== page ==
Entrepneural ventures for Pharma/Biotech Sales Rep?

by LankyBasket. Posted on Sep 14, 2020    0    5


If suppose I were to work in the pharmaceutical industry/biotechnology industry as a sales rep, with just a bachelors, what scalable businesses ventures could one pursue without requiring further education (masters, PhD)?


kippypapa 1

Hard. A lot of people try to leverage their job into a business. Some skills, experience and network can really only be lucrative in a corporate setting as an employee. Those skills can transfer but generally only after decades of experience and relationships.

Better way to think is what can I do to get someone out there to pay me one dollar? If you can answer that question, then you’re on the right track.

  LankyBasket 1

So you’re saying this in particular to the biotech and pharmaceutical space?

kippypapa 2

It’s true for every industry. The skills and background that make you an employee are different than those to be a business owner.

Don’t limit yourself to the same old thinking that keeps you employed. Most people have to have this long list of qualifications to wield to get a job, and that channels them into more reliance on the job.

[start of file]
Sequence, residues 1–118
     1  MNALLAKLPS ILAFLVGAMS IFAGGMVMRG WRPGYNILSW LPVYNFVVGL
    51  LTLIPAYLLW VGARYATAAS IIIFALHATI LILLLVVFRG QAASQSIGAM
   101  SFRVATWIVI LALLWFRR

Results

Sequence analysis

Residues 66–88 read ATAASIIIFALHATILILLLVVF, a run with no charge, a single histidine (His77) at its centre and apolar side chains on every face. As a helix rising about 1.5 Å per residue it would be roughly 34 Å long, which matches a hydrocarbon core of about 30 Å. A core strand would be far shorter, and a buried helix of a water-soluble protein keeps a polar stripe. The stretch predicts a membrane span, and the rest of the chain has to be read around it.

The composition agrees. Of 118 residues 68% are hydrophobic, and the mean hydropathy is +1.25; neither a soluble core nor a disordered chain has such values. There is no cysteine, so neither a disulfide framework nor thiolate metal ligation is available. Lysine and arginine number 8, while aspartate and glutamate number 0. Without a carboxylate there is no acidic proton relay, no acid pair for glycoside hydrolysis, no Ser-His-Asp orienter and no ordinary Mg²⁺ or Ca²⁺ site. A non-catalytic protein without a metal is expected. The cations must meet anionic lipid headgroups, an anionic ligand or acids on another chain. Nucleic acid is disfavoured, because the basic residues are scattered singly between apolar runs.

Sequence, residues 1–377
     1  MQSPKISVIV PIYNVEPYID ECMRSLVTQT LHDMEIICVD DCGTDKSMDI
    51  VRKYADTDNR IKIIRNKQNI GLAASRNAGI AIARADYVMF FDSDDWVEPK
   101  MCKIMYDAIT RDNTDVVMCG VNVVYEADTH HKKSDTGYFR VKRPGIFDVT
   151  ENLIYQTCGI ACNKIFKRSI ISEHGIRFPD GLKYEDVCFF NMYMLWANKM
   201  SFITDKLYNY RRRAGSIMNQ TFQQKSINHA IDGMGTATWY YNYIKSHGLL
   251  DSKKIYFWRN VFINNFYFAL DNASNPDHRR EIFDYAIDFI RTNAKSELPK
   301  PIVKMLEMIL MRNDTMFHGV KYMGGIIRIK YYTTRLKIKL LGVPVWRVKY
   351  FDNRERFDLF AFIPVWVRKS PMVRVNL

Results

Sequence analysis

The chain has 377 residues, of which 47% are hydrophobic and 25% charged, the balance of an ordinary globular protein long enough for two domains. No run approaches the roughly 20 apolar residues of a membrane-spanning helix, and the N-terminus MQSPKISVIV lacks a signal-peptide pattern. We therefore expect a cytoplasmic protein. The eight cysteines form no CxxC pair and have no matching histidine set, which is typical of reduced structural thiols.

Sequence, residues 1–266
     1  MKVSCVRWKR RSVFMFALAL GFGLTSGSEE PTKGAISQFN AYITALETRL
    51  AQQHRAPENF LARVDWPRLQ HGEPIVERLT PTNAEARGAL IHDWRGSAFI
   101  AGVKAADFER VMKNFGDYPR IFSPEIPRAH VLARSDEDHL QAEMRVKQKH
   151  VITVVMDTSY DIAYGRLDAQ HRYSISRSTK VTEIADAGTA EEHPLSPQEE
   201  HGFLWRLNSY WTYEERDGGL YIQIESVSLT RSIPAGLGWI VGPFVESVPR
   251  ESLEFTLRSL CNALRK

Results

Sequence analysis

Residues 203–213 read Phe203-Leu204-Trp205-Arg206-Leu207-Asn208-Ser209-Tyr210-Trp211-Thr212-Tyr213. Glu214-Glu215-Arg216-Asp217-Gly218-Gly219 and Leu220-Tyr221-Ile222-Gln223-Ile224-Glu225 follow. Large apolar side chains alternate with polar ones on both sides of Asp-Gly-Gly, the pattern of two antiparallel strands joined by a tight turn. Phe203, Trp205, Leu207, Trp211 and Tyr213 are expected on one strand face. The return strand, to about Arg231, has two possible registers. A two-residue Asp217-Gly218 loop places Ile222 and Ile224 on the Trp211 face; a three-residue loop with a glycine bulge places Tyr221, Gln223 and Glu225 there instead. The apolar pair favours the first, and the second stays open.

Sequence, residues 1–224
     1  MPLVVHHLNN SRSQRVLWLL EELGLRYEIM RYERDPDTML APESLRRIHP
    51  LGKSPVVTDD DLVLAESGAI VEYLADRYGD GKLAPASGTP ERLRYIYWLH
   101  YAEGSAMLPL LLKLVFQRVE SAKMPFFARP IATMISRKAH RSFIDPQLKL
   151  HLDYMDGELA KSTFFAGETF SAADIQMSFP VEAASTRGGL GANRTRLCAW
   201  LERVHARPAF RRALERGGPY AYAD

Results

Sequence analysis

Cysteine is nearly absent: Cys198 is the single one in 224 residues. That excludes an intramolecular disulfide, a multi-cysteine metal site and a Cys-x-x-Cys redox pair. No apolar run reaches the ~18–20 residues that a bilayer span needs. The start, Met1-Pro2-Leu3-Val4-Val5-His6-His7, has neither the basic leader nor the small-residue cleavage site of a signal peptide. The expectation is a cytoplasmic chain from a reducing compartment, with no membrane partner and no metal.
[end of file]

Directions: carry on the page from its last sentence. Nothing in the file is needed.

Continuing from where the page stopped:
As an entrepreneur, you are not a pharma person or a biotech person, you’re just a person out there trying to get someone to pay you for what you can provide them. That’s it. If there’s opportunity in biotech, cool. If not, look elsewhere.

Boarders0 1

This, the degree and experience you have specialize you a spot in a pool. If you try to move to a new pool you know where you fit. Employment.

Now as for building a business, you are stepping into a lake and in some cases the ocean. Unless you know how you can help the pools you came from whatever you did could mean nothing.

You are only supported by your ability to swim you don't have the comfort of seeing the edges of the pool, and you don't have the restrictions of potential like the pool.

kippypapa 1

There is for sure a mindset difference between entrepreneur and employee. Employee is what we train for since we walk into Kindergarten. Entrepreneur is something different. I think the hardest part is the validation that we receive from grades, getting hired, promotions. That same exact validation is not present in owning a business. It doesn't feel like what we're accustomed to so often we abandon it for not feeling real like employee validation.